Actress Writes of Her Fear of Peter Lawford, Pain of Arthur Miller’s Betrayal
New York, N.Y. — A vast, never-before-seen archive of Marilyn Monroe’s own writing—diaries, poems, and letters—has been recovered and it reveals the star’s pain of psychotherapy; the betrayal by her third husband, Arthur Miller; her distrust of Peter Lawford; and more. Vanity Fair contributing editor Sam Kashner, who has previously reported on Monroe for the magazine, analyzes the contents, and reports that the star was quite candid about her fragile mental state, and about her feelings toward those around her.
One note reveals that Monroe might have distrusted and even feared J.F.K.’s brother-in-law, Lawford, who was the last person to speak to her on the phone before she was found dead. In a handsome, green, engraved Italian diary, probably dating to around 1956, Monroe writes of the “feeling of violence I’ve had lately about being afraid of Peter he might harm me, poison me, etc. why—strange look in his eyes—strange behavior.” Monroe writes that she feels “uneasy at different times with him,” and that she believes him to be “homosexual.” She writes that she loves, respects, and admires “Jack”—most likely the dancer and choreographer Jack Cole—“who I feel feels I have talent and wouldn’t be jealous of me because I wouldn’t really want to be me.” Of Lawford, she concludes, “Peter wants to be a woman—and would like to be me—I think.”
Monroe’s writing also covers the harrowing three days she spent in Payne Whitney’s psychiatric ward, when what was supposed to have been a prescribed rest cure for the overwrought and insomniac actress landed her in a padded room on a locked ward. Monroe sobbed and begged to be let out, and the more she protested, the more the psychiatric staff believed she was indeed psychotic. On March 1 and 2, 1961, Monroe wrote an extraordinary, six-page letter to her analyst, Dr. Ralph Greenson, vividly describing her ordeal: “There was no empathy at Payne-Whitney—it had a very bad effect—they asked me after putting me in a ‘cell’ (I mean cement blocks and all) for very disturbed depressed patients (except I felt I was in some kind of prison for a crime I hadn’t committed. The inhumanity there I found archaic…everything was under lock and key…the doors have windows so patients can be visible all the time, also, the violence and markings still remain on the walls from former patients.).”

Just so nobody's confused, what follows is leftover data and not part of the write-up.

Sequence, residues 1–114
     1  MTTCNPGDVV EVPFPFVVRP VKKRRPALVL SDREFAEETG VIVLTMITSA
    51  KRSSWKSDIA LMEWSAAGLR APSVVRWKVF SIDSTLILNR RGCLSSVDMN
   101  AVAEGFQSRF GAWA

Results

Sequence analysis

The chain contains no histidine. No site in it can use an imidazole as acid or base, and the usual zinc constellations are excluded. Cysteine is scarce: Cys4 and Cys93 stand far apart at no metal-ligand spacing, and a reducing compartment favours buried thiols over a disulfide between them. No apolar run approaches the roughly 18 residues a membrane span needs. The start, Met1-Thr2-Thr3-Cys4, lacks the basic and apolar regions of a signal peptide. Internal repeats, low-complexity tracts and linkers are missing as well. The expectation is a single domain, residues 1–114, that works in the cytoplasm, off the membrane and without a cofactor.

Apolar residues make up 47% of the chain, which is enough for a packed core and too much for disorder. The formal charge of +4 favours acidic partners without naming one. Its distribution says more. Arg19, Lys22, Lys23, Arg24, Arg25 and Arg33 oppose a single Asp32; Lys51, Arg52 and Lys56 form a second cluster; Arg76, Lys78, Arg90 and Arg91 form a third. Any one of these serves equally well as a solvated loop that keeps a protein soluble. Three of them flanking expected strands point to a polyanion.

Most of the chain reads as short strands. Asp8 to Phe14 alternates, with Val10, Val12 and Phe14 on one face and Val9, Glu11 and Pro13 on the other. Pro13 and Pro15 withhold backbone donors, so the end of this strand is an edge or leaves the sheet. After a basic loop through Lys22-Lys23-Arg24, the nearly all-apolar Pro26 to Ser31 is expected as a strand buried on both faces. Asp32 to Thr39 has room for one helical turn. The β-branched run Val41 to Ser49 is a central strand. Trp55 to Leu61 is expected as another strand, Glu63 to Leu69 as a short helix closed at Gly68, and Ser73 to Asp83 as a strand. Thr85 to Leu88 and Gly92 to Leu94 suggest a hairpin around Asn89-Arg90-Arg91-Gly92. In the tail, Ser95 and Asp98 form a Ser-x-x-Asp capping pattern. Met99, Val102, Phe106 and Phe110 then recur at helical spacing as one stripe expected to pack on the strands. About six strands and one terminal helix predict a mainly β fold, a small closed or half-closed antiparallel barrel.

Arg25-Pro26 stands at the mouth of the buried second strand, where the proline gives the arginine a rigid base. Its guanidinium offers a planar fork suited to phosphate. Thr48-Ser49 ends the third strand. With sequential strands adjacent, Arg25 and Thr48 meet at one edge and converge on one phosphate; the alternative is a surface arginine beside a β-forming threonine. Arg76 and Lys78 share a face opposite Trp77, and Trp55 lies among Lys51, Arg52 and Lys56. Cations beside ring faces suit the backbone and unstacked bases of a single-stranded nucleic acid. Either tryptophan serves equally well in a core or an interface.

It was Joe DiMaggio who rescued her, the records reveal, swooping in against the objections of the doctors and nurses and removing her from the ward. (He and Marilyn had had something of a reconciliation that Christmas, when DiMaggio sent her “a forest-full of poinsettias.”) Monroe wrote to Greenson that she had threatened to harm herself with the glass if the doctors didn’t let her out, but cutting herself was “the furthest thing from my mind at that moment since you know Dr. Greenson I’m an actress and would never intentionally mark or mar myself, I’m just that vain.”
Monroe recorded her anguish in a poem when she learned—from his own diary entry—that her then husband Arthur Miller was not happy with her. When they were living in Parkside House, outside Surrey, England, Monroe stumbled upon a diary entry of Miller’s in which he complained that he was “disappointed” in her and sometimes embarrassed by her in front of his friends. The actress was so devastated that she found it difficult to work, and had trouble sleeping.
In the winter of 1957, when the couple was living in Roxbury, Connecticut, Monroe’s diary entries were even bleaker, as she assessed the end of her marriage to Miller. “Starting tomorrow I will take care of myself for that’s all I really have and as I see it now have ever had,” she wrote. “I think I hate it here because there is no love here anymore…. If I lean close I’ll see—what I don’t want to know—tension, sadness, disappointment…. When one wants to stay alone as my love (Arthur) indicates the other must stay apart.”
The November issue of Vanity Fair will be available on newsstands in New York and Los Angeles on Thursday, October 7, and nationally and on the iPad on Tuesday, October 12.
Read the article online here.